Preparing nursery beds with one of the disability groups in Kagunga. 

Preparing nursery beds with one of the disability groups in Kagunga. 

 Kagunga farmers fertilizing their new nursey beds with manure, mulch, and wood ash. All items they can procure locally for free or by trade. And it is organic. 

Kagunga farmers fertilizing their new nursey beds with manure, mulch, and wood ash. All items they can procure locally for free or by trade. And it is organic. 

It is the days just like this which remind me I am a trailblazer; I have so much to offer. And despite wanting to quit over and over, I don’t because I am reallyyyyyyy living and not many people get to say they are doing so. That’s why I don’t get on a plane back home.

 Still digging in Kagunga... still getting sunburnt...

Still digging in Kagunga... still getting sunburnt...

I messaged my mom, who by the way is visiting me in about 20 days, this past weekend. I told her I felt like I didn’t fit in anywhere. She responded with, “But you will. And it will be big.” She is 100% correct, as per usual. My whole life I have found it difficult to make friends and to feel like I really belonged somewhere. It took me many years in Pittsburgh to find my people, and of course once I did I up and left to another continent. But maybe that’s because I know as long as I am comfortable none of the big, magical things will happen. I am not saying there isn’t big magic in the small things because there is, have you ever played high fives in the middle of a village with a small child and giggled for 2 hours straight? That is magic. But when it comes to where we find our calling, our purpose, our why why why… our comfort zone may not be the best place to live.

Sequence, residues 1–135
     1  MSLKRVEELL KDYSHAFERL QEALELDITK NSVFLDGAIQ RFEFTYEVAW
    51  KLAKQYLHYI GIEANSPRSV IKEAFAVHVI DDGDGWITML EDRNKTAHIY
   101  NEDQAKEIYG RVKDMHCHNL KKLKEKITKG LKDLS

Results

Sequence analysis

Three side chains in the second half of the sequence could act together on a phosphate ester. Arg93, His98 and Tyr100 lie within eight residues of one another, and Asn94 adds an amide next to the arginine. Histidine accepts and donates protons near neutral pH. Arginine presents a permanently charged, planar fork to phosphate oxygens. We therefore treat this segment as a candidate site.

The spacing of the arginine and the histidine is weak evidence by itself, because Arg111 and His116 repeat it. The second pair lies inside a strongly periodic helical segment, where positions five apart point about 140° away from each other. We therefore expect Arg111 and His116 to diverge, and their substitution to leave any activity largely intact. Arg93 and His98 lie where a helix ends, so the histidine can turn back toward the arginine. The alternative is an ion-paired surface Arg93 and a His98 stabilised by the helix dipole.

And that’s why I don’t get on a plane back home.

Let’s talk about my yoga practice for a few minutes. It has been there… in the quiet hours of the morning and the late hours of the evening. When I have no other choice than to get on my mat and get honest with myself. I start by sitting and breathing. Then I move. Sometimes it’s strong and slow and sometimes it’s fast and messy and really fun. Then I sit, in stillness, in silence. Just me and me and me and the occasional goat or chicken in the background. Some days I crave my mat more than anything, it feels like the most healing place in the world and then somedays I have to drag myself to my mat. But what I have realized is that in the few moments after I finish my practice and I write a few words in my journal, I feel the most me and I think it’s really important for everyone to find where they feel that. In a world so big, with so many opportunities, it is so easy to lose ourselves. Heck, I lose myself on the daily. But as long as you find something that brings you back, that’s what matters.

So, what’s next? I finish my thesis this week (phew!!!), I am going to hike Mt. Muhavara in 2 weeks (remember that picture I posted from one of my communities awhile back, that is it. It is a volcano), my mother lands in Kigali on September 1st and will be here for 2 full weeks, and I will keep on doing the work that challenges and fulfills me. Oh, and yoga!!! Practicing, teaching, showing up.

 Teaching some fellow yogis... working on those planks. Maybe I need to host a Kabale Yoga Project Plank Challenge??

Teaching some fellow yogis... working on those planks. Maybe I need to host a Kabale Yoga Project Plank Challenge??

I hope what I write is a little entertaining, a little inspiring, maybe even just the wake-up call you needed on a Monday morning or Friday evening. If you have questions for me, please feel free to reach out to me whether it is on here in the comment section, on my Instagram, or maybe you ask Janna for my email.

Keep showing up,

Katy

Katy ThompsonComment